Hearing impairment affects key areas of the brain, contributing to memory loss, a new study has found. 

Previous research has shown that age-related hearing loss is linked to a higher risk of dementia and cognitive decline. While the reasons haven’t been clear, investigators in the current study believe that constant changes in the hippocampus – an area of the brain that processes memory – play a major role.

The researchers studied mice with hereditary hearing loss that is similar to age-related hearing loss in humans. The greater the animals’ hearing impairment, the weaker the brain plasticity in the hippocampus. Greater hearing loss was also tied to spatial memory deficits, wrote Denise Manahan-Vaughan, Ph.D., Ruhr-University Bochum, Germany, and colleagues.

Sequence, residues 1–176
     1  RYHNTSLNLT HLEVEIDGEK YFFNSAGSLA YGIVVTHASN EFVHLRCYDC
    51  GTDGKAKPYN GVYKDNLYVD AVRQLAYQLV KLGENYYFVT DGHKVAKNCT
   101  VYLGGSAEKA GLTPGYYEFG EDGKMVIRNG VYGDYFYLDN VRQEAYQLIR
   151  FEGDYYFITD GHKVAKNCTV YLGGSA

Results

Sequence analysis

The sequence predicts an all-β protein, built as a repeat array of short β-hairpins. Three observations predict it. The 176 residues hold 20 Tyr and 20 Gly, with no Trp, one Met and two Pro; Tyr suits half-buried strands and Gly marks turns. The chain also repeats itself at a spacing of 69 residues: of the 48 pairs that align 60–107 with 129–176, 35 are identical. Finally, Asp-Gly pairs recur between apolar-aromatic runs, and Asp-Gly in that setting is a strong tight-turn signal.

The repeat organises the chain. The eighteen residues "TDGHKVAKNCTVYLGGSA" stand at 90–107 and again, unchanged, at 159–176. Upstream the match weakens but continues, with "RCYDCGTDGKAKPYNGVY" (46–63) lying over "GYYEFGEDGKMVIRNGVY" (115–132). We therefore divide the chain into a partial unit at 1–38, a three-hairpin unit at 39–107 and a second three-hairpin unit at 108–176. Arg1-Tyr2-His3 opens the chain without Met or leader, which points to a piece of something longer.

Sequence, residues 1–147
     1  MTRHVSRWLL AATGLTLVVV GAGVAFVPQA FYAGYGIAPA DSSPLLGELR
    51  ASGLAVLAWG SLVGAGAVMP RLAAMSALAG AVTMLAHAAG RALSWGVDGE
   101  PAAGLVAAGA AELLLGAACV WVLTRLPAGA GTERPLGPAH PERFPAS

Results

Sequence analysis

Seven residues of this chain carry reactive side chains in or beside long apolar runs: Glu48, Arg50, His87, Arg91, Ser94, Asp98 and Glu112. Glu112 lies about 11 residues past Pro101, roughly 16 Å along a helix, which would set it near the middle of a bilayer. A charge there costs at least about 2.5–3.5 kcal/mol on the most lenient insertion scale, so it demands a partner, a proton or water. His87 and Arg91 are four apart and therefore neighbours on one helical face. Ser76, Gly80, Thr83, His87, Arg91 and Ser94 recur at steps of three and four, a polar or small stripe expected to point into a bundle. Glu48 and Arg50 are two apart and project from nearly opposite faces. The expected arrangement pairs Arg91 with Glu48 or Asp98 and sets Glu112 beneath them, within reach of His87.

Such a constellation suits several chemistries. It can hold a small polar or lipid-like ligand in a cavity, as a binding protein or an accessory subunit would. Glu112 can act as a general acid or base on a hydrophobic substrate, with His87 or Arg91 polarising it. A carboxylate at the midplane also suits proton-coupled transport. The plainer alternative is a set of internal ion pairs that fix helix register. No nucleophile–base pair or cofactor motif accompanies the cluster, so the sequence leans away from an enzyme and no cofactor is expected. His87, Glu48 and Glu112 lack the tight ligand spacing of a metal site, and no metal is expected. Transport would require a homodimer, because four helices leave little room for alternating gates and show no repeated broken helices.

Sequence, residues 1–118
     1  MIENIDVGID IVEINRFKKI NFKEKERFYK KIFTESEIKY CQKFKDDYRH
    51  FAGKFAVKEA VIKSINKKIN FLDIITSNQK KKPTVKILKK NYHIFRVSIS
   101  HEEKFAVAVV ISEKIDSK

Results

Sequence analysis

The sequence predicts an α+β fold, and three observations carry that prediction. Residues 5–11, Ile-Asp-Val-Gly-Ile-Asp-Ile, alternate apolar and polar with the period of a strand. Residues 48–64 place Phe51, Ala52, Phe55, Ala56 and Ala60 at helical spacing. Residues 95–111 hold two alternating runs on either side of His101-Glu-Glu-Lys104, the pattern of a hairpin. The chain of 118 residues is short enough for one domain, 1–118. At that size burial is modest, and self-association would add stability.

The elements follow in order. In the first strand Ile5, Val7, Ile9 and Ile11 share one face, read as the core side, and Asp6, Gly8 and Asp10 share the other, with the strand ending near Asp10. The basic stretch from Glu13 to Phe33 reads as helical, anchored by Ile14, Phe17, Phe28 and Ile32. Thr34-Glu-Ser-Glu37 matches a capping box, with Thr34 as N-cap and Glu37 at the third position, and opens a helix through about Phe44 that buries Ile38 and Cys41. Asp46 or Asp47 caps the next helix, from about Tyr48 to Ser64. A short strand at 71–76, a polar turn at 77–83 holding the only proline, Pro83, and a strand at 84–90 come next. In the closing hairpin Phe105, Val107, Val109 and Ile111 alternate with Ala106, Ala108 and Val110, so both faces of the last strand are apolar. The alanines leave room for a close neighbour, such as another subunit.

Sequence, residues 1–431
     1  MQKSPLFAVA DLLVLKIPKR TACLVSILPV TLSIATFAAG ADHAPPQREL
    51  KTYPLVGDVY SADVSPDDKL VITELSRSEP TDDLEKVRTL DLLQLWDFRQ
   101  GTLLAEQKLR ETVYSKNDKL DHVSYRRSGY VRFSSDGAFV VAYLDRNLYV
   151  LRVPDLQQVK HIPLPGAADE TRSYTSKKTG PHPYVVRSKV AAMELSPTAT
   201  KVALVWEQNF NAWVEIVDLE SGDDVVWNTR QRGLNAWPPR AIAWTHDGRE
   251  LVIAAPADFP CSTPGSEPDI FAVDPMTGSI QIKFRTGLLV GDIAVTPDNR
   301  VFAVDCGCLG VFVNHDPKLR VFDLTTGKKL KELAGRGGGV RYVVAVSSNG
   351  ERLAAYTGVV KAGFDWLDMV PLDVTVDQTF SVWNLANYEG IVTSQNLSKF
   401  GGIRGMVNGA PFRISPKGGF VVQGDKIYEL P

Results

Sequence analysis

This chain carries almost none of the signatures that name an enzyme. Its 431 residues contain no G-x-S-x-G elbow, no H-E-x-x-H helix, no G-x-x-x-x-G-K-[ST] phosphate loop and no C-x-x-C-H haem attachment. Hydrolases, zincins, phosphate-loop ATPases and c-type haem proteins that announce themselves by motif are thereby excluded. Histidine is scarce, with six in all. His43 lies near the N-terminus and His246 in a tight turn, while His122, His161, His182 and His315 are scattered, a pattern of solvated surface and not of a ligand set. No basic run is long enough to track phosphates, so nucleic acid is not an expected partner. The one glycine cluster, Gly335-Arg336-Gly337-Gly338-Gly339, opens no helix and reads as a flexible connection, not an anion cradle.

These brain changes shifted constantly as the animals gradually lost hearing. This prevented the hippocampus from working effectively, and “profoundly” altered brain function, Manahan-Vaughan wrote.

The results provide new insights into the relationship between cognitive decline and age-related hearing loss in humans, the researchers concluded.

The study was published online in the journal Cerebral Cortex.